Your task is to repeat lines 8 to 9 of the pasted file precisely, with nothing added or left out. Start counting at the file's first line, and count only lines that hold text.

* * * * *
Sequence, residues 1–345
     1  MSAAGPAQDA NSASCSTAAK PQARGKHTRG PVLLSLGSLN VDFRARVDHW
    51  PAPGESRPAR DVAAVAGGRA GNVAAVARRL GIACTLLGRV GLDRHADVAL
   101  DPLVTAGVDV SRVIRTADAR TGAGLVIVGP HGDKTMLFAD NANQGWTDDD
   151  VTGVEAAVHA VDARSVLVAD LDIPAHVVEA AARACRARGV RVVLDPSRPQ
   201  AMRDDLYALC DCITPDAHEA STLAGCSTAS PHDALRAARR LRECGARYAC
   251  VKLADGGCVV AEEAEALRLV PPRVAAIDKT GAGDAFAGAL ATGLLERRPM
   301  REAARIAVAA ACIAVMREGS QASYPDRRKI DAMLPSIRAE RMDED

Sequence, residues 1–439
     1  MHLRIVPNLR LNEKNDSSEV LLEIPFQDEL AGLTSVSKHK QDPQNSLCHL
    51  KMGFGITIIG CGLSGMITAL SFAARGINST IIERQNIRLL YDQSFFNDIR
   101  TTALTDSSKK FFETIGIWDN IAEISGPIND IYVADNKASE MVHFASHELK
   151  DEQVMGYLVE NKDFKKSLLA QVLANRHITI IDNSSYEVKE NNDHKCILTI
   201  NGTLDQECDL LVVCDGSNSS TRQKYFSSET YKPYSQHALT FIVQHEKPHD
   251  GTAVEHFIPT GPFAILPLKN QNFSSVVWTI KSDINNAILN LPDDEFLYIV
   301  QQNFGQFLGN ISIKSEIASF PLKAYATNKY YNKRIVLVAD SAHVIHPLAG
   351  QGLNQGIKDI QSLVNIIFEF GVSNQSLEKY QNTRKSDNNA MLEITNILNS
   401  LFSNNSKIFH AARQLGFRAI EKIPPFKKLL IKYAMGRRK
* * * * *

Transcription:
   301  REAARIAVAA ACIAVMREGS QASYPDRRKI DAMLPSIRAE RMDED

Sequence, residues 1–439